Still putting off those founding agreements? Here’s how it can cost you

2012-11-30 00:00

OUR law practice deals with a lot of startups — we love working with innovative, entrepreneurial teams of people. But we also, sadly, get to see some startups implode because their founders put off doing some of the boring-but-critical foundation work like drafting a careful, appropriate founding agreement (including a memorandum of incorporation and/or shareholders’ agreement).

Here’s one example scenario: Everyone starts off very excited about their new business, and the three founders of a startup agree to split the shares equally between them. At this point, after all, the shares are worth nothing.

Six months later, the company lands its first big contract. With the prospect of actual money on the horizon, suddenly those same shares are valuable, and the two partners who’ve sweated blood for six months don’t feel at all happy about sharing the spoils with the third member who has yet to quit his day job.

But he still holds a third of the shares, so he’s fully entitled to his third of dividends.

The founding agreements are particularly important in startups, because a shareholder can’t be passive in a company so small.

If you buy shares in a publicly listed company, not much is expected of you. You can attend annual general meetings if you want, but nobody will insist on it; you are perfectly entitled just to sit back and enjoy your dividends.

In a startup, things don’t work like that. If I give you shares in my company, it will be in return for something valuable. Either you’re providing funding in some way, or you’re contributing your skills and expertise. We have to thrash out exactly what is expected of everyone before we start, and establish some objective criteria for deciding whether each person’s obligations have been met.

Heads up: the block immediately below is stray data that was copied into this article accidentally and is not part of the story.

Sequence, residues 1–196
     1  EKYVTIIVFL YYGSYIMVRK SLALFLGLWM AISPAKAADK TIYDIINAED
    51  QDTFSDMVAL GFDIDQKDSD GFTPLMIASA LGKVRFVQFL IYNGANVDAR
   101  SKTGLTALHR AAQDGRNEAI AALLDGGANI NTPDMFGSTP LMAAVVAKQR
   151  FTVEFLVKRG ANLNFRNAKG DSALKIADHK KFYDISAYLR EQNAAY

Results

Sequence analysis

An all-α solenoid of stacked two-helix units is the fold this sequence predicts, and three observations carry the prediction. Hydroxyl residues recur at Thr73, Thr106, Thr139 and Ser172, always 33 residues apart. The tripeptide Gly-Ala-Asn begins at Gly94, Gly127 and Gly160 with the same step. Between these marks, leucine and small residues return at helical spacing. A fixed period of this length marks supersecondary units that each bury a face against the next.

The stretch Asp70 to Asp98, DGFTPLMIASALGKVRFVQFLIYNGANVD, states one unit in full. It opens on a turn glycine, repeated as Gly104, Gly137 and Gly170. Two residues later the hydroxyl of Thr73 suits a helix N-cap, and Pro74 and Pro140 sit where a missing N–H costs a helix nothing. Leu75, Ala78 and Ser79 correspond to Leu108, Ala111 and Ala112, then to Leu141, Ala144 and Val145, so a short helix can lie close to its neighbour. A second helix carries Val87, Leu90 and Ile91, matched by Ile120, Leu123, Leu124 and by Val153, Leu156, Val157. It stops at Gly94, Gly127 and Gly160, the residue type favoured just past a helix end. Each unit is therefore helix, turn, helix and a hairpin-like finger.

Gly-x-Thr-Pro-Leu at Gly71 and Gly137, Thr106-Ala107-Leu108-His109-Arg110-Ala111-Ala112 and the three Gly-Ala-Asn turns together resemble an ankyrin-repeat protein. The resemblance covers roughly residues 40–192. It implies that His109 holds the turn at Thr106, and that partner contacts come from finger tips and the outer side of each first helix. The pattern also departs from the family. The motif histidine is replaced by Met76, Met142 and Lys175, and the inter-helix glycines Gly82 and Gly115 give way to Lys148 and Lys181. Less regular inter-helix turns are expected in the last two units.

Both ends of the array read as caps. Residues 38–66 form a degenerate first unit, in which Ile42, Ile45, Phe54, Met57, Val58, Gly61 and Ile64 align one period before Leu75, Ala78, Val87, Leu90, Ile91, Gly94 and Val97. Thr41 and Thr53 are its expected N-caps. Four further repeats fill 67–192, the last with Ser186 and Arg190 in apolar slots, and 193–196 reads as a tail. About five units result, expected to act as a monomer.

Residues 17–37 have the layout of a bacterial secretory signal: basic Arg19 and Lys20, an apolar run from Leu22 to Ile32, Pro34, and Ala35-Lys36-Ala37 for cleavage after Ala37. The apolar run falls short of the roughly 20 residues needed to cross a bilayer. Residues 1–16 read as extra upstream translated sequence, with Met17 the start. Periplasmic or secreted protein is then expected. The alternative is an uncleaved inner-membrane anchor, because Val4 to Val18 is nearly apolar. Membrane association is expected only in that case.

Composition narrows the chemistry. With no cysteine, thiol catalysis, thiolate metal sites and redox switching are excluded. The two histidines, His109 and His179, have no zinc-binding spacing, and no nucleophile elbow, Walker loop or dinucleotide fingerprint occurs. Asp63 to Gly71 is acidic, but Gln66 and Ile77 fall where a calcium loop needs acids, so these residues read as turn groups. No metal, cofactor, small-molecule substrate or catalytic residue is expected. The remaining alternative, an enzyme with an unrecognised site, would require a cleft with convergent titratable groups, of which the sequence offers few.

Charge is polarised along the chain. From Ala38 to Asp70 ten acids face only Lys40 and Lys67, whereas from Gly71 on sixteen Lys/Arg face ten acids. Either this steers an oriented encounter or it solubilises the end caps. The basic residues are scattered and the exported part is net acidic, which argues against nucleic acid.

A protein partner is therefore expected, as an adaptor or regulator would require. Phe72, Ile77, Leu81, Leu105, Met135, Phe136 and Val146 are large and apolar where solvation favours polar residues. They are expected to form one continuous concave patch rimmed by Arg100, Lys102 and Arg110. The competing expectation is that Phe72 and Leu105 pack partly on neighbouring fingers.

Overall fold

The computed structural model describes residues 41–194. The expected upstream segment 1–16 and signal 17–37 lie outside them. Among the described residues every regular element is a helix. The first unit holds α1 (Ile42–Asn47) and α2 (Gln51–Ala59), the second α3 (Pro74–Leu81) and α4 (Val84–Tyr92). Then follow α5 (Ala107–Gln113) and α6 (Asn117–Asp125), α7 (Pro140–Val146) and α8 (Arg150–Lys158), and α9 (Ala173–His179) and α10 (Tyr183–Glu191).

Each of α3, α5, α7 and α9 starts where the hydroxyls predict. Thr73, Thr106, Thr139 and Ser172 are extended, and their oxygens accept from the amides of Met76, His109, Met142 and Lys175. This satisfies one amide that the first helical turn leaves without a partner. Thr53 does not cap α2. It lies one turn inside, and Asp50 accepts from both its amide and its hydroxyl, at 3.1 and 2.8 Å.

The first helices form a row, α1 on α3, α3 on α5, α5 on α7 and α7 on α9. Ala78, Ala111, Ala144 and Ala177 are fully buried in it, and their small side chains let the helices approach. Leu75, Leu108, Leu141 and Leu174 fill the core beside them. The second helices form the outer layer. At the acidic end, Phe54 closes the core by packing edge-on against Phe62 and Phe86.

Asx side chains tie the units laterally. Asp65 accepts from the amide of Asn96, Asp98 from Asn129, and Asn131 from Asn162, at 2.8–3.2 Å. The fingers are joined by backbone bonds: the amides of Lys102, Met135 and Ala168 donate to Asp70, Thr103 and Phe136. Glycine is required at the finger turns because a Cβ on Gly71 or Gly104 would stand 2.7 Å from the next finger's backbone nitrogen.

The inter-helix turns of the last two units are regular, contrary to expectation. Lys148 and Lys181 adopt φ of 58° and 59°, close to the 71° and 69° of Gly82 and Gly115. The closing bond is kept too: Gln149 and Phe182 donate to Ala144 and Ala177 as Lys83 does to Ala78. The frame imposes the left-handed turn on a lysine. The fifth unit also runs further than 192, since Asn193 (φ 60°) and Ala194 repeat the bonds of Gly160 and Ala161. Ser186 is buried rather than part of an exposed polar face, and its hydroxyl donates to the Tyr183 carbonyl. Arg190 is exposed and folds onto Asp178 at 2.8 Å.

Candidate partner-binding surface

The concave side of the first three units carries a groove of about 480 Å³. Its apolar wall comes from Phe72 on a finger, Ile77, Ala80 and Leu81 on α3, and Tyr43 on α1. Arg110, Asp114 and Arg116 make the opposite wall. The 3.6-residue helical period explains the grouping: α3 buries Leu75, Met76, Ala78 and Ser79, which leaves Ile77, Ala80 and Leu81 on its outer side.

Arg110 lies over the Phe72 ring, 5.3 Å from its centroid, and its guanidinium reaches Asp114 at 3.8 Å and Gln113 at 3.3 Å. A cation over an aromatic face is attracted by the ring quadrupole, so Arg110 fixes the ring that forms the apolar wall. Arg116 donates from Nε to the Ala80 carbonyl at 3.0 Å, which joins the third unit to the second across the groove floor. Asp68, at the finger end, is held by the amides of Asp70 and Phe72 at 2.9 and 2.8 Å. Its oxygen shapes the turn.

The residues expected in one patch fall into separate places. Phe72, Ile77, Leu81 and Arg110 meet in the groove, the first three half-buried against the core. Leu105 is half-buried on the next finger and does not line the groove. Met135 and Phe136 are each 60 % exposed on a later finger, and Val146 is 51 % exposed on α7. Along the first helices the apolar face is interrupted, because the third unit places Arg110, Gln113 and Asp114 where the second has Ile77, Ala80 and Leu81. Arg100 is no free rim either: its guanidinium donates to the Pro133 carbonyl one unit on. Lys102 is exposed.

This is never a comfortable conversation to have: It’s like trying to cut a cake that hasn’t been baked yet. Once it’s ready, of course, everyone will believe they should get a large slice. To avoid conflict, you need to agree the value of each contribution before you start.

Taken together, the memorandum of incorporation and the shareholders’ agreements are the documents that regulate every aspect of your relationship with the company and your fellow shareholders.

In general, there are no basic legal obligations attached to being a shareholder, so whatever you require of each other must be agreed and contracted. It should include what happens if you don’t meet your obligations, and what happens if you want to sell. What process will you use to value the firm, what will the payment terms be, what happens if there’s no cash to pay you out with?

Spending time on this kind of thing while you’re trying to build a business can feel like a pointless distraction. But if you keep putting it off, it will become an issue at some point. So if you’ve never quite got around to sorting out that memorandum of incorporation and/or shareholders’ agreement — take a deep breath, clear some space in your week and call your lawyer today.

Jody Doyle is a partner at Dommisse Attorneys.

Join the conversation!

24.com encourages commentary submitted via MyNews24. Contributions of 200 words or more will be considered for publication.

We reserve editorial discretion to decide what will be published.
Read our comments policy for guidelines on contributions.

24.com publishes all comments posted on articles provided that they adhere to our Comments Policy. Should you wish to report a comment for editorial review, please do so by clicking the 'Report Comment' button to the right of each comment.

Comment on this story
0 comments
Comments have been closed for this article.

Inside News24

 
/News

Book flights

Compare, Book, Fly

Traffic Alerts
There are new stories on the homepage. Click here to see them.
 
English
Afrikaans
isiZulu

Hello 

Create Profile

Creating your profile will enable you to submit photos and stories to get published on News24.


Please provide a username for your profile page:

This username must be unique, cannot be edited and will be used in the URL to your profile page across the entire 24.com network.

Settings

Location Settings

News24 allows you to edit the display of certain components based on a location. If you wish to personalise the page based on your preferences, please select a location for each component and click "Submit" in order for the changes to take affect.




Facebook Sign-In

Hi News addict,

Join the News24 Community to be involved in breaking the news.

Log in with Facebook to comment and personalise news, weather and listings.